LEXINGTON, Ky. (March 3, 2021) — A research study led by the University of Kentucky Department of Chemistry has discovered a new way to dramatically boost the performance of electrically conductive polymers. The discovery is considered a significant step forward in the development of organic thermoelectric devices, which can convert waste heat into useful electric energy.
Conductive polymers, which are electrically conductive plastics, have the potential to transform current electronic devices, such as smart watches, by powering the devices based on the user’s body heat. They are also attractive for converting waste heat from coal-fired power plants or heat from a car’s engine into electricity.
“One day, organic thermoelectrics may be used to power smart watches and other wearable electronics, eliminating the ever pressing need to charge the battery,” said Kenneth Graham, assistant professor of chemistry and lead investigator of the study. “Conductive polymers are advantageous due to their potential for integration into low-cost devices and their mechanical flexibility — a plastic watch strap or a flexible radiator hose could have an embedded thermoelectric device.”
Until now, conductive polymers have performed below what is required for these types of devices. The UK team says this lower performance stems in part from the negatively charged materials, also known as n-type materials, inside the thermoelectric modules.
“Thermoelectric modules require both positive (p-type) and n-type materials, with both materials ideally showing equally high performance,” Graham said.
In their study, which is published in Nature Materials, the team revealed that p-type materials may be converted to high-performing n-type materials by simply increasing their doping ratio (or altering their properties) beyond typical levels. One polymer with varying doping levels may be used as both the n-type and p-type material within a thermoelectric module.
“This new strategy greatly increases the library of potential n-type thermoelectric polymers and may lead to the performance jump needed to make polymer-based thermoelectric modules a reality,” Graham said.
Fundamentally, the work also presents an important step forward in understanding how polymers conduct electricity.
“Traditionally, it was assumed that one type of charge-carrier, either electrons or holes, dominated electrical conductivity within a doped conjugated polymer and that this type of charge-carrier was determined by whether the dopant molecule gave (n-type) or took (p-type) an electron from the polymer,” Graham said. “We show that this is not always the case, as p-type dopants can be used to create n-type materials at high doping concentrations.”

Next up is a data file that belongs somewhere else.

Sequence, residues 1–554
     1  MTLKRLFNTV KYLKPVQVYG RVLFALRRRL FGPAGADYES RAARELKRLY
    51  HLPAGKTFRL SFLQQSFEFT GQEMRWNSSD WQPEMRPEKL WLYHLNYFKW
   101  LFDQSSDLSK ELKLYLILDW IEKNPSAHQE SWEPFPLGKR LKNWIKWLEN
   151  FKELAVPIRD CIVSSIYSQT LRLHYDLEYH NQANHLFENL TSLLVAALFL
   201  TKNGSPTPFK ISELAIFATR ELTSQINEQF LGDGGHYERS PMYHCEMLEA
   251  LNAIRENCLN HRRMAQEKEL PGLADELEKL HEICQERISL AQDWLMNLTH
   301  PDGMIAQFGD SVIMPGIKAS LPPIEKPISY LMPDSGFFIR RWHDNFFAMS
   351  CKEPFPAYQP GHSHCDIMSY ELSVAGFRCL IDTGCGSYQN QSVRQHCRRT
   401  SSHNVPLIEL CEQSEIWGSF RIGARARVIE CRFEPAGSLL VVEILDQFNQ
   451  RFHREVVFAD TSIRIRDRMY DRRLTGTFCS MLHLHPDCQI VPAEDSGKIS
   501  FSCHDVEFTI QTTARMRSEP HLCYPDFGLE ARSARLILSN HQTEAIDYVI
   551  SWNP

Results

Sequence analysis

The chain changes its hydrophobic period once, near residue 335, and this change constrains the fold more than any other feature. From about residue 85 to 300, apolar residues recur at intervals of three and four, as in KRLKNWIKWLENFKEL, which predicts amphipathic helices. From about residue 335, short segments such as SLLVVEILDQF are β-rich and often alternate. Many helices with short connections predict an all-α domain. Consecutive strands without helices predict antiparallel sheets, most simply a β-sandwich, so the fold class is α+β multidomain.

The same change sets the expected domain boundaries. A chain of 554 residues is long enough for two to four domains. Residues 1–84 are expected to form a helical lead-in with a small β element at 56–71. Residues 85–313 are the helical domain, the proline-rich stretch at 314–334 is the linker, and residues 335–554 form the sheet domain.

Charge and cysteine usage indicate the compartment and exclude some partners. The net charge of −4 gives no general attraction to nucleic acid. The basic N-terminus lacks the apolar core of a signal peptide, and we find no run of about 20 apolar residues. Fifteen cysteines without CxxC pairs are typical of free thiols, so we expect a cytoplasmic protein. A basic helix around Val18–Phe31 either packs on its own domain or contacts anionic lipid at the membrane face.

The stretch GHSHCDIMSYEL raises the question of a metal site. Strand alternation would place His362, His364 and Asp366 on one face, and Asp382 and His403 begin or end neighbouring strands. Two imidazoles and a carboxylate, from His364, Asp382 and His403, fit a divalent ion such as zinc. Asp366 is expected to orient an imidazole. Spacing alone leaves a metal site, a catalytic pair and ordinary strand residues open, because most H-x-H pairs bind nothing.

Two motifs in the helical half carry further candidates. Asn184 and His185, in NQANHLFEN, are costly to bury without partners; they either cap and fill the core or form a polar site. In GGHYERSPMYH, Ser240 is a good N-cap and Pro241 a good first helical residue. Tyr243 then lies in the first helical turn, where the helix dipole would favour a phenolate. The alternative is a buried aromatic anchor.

Electrical conductivity in conjugated polymers has been researched for decades. However, many details of charge-carrier transport in these materials remain elusive and the subject of intense interest over the past half century. A change in the polarity of charge carriers was hinted at in publications from the 1980s and 1990s, but never confirmed. In this publication, the authors show that electrons can become the dominant charge-carriers at high doping concentrations. The discovery has potentially transformative consequences for the field.
“Indeed, these new insights present a challenge for the community to understand the basic chemical and physical principles that govern electrical conduction in polymers,” said Chad Risko, associate professor of chemistry at UK and co-author of the study. “So, there is not only interest from the standpoint of creating new materials, but also in modeling their behavior so that we can predict properties before materials are made.”
The study was led by Zhiming Liang, a graduate of UK who worked on this project during his Ph.D. with the Graham research group. Liang is now a postdoctoral researcher at University of Colorado Boulder. Additional authors include Graham, Risko and Douglas Strachan, several members of their respective research groups, Jianguo Mei and co-workers at Purdue University, and Vitaly Podzorov and co-workers at Rutgers University.
The study, “n-type charge transport in heavily p-doped polymers,” can be read in full on Nature Materials at www.nature.com/articles/s41563-020-00859-3.
Funding for this study was provided by the American Chemical Society Petroleum Research Fund (grant no. 57619-DNI10), the National Science Foundation (DMR-1905734, ECCS-1806363, and CAREER award no. 1653909), Office of Naval Research Young Investigator Program (N00014-18-1-2448), United States Department of Energy (0000223282), Center for Advanced Soft Electronics at Pohang University (CASE-2011-0031628), and the Center for Computational Sciences at the University of Kentucky.
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